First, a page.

Deterrence or Deference? The Constitutional Court under the Rise of Populism in Serbia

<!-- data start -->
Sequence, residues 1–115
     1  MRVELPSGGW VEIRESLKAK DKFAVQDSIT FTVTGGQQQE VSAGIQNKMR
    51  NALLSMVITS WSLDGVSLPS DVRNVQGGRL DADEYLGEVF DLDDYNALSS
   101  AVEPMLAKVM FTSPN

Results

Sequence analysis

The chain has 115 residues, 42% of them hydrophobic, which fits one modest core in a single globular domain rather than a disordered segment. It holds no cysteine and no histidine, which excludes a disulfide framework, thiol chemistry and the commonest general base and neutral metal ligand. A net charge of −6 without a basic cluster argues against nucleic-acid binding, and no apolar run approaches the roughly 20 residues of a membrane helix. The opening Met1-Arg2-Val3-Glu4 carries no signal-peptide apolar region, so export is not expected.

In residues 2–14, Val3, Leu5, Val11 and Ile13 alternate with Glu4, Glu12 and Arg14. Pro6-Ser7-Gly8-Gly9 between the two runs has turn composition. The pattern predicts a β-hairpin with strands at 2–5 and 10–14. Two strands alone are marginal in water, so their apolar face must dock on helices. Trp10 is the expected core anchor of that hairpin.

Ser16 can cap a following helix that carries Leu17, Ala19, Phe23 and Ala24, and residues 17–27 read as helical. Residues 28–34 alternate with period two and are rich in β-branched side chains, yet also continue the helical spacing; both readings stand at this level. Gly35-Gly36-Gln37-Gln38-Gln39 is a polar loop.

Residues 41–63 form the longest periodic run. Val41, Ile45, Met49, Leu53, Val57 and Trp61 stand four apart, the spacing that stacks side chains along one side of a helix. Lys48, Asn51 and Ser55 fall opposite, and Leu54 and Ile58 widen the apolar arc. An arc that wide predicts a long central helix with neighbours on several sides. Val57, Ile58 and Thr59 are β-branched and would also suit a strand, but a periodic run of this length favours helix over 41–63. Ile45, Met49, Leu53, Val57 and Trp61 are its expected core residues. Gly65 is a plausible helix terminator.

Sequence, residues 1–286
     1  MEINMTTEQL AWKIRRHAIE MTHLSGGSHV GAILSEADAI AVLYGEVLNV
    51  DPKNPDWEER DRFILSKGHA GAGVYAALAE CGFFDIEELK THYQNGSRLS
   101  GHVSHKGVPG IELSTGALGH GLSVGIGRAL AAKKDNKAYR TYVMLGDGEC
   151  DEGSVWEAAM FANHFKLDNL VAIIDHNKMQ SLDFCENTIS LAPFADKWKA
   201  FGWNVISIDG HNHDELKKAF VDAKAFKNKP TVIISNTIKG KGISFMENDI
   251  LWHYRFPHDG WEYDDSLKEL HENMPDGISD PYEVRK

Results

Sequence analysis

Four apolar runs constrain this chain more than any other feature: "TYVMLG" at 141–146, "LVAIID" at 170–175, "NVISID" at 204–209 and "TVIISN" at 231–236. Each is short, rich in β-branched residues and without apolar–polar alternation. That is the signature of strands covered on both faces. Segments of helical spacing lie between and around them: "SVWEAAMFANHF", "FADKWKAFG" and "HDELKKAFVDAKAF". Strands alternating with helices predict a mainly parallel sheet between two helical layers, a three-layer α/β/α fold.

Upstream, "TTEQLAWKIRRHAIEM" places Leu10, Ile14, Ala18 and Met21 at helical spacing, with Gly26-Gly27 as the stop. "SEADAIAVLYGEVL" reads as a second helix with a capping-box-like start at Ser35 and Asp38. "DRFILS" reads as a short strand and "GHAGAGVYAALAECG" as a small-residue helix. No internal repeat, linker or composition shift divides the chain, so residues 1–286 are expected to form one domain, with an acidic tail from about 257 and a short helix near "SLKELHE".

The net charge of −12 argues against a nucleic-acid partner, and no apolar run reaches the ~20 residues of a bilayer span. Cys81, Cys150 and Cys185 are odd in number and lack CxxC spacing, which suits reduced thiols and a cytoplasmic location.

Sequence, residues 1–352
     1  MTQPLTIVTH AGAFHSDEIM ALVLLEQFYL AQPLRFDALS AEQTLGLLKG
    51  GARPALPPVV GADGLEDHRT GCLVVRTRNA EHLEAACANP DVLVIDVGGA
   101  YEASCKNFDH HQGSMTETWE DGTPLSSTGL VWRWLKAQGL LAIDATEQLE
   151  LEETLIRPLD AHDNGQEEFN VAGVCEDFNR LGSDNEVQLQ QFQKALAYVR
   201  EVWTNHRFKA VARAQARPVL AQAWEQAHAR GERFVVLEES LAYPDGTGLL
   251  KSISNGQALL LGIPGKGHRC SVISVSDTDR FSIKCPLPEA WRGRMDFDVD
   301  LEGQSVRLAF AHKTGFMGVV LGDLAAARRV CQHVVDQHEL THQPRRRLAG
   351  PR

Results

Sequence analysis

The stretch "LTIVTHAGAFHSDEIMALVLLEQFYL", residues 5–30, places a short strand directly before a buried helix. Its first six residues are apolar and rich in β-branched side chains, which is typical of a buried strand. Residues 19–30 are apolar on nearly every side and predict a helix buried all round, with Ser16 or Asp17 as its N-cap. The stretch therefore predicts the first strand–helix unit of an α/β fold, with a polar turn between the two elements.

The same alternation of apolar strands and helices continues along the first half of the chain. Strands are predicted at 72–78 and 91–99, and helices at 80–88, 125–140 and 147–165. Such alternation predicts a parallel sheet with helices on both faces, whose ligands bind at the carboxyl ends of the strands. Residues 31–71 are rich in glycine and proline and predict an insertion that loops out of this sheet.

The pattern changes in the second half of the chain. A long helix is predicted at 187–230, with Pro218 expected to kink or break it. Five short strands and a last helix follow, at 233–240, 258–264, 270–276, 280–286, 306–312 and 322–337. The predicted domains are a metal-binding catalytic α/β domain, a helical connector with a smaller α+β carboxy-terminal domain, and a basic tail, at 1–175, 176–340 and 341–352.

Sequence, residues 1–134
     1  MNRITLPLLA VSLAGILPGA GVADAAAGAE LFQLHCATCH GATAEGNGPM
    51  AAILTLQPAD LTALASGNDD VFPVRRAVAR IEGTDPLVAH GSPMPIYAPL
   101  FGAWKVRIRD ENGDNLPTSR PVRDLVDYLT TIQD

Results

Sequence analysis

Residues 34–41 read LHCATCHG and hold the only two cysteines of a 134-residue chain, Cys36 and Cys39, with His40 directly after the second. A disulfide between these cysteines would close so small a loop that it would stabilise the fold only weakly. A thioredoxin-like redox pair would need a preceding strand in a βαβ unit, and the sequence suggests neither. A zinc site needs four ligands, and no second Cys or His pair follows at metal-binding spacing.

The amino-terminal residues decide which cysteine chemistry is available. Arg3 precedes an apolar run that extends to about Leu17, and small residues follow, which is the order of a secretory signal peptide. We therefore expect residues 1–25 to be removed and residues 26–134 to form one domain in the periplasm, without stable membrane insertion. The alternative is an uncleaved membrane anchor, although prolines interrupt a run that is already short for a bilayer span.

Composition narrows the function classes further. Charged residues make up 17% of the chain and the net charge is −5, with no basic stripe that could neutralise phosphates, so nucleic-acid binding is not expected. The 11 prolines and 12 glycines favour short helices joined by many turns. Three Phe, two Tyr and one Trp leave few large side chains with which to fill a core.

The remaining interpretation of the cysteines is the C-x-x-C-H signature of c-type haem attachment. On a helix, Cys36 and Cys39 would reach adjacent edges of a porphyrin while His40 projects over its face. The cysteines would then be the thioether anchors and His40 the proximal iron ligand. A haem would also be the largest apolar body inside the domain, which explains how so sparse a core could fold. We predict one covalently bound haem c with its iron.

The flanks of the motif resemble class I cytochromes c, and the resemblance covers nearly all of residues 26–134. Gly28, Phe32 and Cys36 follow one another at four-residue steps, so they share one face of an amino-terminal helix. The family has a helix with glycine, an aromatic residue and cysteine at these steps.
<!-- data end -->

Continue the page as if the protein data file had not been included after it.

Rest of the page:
Since the populist administration took power in 2012, emerging constitutional democracy in Serbia has been gradually changed for Schmitt’s identity and plebiscitary conception of democracy. A shift towards ‘the political guardian of the constitution’ was justified by the claim that the consent of the majority was the crucial ground of legitimation in politics, while the state of emergency – by Kosovo’s unilateral declaration of independence, financial crisis, and the portray of the whole previous government as criminal and corrupt. The aim of this presentation is to show that the Serbian Constitutional Court cannot be ‘counter-populist difficulty’ equally as it has never been ‘counter-majoritarian difficulty.’ To prove this claim, the Constitutional Court’s rulings regarding Brussels Agreement, the government’s austerity measures and constitutionality of detention ordered against persons accused of corruption in privatization cases will be assessed.